When a member of your extended family is facing deployment or other military moves, it’s easy to feel like there is nothing you can do to help. That can be especially true for military families new to the experience. It might feel like you’re prying or annoying rather than helping.
Here are 5 smart ways to help out a loved one without overstepping your boundaries:
Helping take care of children while a spouse is deployed is one of the easiest ways to make sure your family members know you’re there to help during a hard time.
New parents suddenly faced with single parenthood are incredibly thankful for family members who step up with support. Anything from a simple pick up from school to babysitting for a weekend can make all the difference in how smoothly a deployment runs.
You’ll be hard pressed to find a military spouse who minds an extra set of hands around the house or a babysitter.
Continuing on with normal family functions during deployment is a simple way to help spur a smoother transition.
The stability of a family routine helps children and adults maintain a sense of normalcy. Family get-togethers also provide a great reminder that family is there no matter what.
Continue to have birthday parties, celebrate holidays and meet up whenever possible to maintain a strong bond and prevent a feeling of isolation.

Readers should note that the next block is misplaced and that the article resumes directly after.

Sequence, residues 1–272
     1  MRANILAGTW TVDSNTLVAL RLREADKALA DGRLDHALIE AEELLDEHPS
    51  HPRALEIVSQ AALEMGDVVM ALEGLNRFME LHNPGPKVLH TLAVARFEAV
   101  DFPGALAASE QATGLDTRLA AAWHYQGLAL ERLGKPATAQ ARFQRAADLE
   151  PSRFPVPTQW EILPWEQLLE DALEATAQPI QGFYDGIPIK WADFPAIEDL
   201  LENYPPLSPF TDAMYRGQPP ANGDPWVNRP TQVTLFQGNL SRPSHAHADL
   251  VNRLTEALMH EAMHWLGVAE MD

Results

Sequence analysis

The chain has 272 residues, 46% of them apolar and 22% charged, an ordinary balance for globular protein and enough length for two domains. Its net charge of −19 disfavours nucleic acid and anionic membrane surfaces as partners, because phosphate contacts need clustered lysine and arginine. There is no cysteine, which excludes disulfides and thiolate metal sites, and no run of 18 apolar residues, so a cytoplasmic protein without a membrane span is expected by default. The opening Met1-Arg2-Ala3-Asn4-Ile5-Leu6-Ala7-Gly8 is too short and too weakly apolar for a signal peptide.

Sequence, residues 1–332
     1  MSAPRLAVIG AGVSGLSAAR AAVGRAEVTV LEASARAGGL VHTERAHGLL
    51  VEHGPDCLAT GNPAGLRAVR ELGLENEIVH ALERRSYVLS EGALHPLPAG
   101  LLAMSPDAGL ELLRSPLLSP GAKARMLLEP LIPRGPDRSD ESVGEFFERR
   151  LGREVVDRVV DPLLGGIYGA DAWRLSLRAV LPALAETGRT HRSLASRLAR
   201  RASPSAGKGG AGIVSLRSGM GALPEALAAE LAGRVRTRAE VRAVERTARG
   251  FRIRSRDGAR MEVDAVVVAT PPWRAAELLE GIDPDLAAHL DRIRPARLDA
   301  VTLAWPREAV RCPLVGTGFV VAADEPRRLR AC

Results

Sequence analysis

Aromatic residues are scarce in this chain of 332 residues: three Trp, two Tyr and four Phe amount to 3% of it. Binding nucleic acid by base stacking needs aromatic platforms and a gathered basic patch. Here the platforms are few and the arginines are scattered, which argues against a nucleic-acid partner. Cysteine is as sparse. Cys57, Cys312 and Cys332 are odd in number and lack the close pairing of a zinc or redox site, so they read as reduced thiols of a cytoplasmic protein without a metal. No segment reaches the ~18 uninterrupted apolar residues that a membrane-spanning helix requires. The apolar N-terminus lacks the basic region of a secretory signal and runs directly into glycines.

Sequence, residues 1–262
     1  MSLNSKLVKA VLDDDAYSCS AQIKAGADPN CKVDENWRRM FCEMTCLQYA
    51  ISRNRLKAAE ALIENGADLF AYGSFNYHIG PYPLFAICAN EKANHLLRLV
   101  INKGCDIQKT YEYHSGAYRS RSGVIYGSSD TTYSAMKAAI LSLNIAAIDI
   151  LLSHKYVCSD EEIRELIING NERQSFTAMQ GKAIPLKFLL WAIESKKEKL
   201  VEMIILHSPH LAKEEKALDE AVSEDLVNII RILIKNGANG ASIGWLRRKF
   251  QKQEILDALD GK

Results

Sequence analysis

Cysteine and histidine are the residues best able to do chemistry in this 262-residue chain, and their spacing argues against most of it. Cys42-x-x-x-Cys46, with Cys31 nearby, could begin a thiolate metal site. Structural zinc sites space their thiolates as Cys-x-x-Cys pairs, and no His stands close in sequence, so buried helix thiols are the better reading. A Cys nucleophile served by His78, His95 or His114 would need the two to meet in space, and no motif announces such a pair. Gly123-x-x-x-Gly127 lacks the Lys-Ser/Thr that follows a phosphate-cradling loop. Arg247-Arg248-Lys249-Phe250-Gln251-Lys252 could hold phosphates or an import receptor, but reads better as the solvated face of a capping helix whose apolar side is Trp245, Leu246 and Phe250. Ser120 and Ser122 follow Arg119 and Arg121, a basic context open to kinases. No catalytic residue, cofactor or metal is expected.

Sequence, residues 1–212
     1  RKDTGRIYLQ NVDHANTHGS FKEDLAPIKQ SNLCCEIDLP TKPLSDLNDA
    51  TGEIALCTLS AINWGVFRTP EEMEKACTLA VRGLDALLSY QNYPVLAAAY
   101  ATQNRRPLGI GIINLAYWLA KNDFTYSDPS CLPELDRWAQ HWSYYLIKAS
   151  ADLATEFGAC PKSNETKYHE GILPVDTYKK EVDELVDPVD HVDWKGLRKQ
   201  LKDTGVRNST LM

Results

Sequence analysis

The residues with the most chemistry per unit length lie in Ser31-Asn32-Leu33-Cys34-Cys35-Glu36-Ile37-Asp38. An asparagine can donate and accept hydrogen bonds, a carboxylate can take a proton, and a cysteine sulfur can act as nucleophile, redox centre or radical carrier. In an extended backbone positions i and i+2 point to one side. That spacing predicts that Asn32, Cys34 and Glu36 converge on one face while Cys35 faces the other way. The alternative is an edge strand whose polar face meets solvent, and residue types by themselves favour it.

It is also important for you to keep in touch with your family members deployed overseas. A great way to still feel involved is to send a care package.
Lending financial support during deployment can be one of the riskiest yet useful ways to help a family member in need. Money is a very sensitive issue for many people and it is important to let them know you aren’t helping out of pity or obligation.
If you think those left behind during deployment are struggling to make ends meet you can carefully offer financial assistance or more discreetly offer to make dinner, give rides or help with other activities and save them the expense.
Sometimes the most important thing you can do is lend an ear to someone dealing with deployment. Chances are they are experiencing some very different emotions that they feel like they can’t share with anyone.
Be aware that you aren’t trying to force anyone to share their feelings; just let them know you’re there if they ever need to talk without feeling judged.
You may find that having an open space to discuss the difficulties that go along with the military lifestyle can be more helpful than anything.
Photo thanks to Virginia Guard Public Affairs via Flickr Creative Commons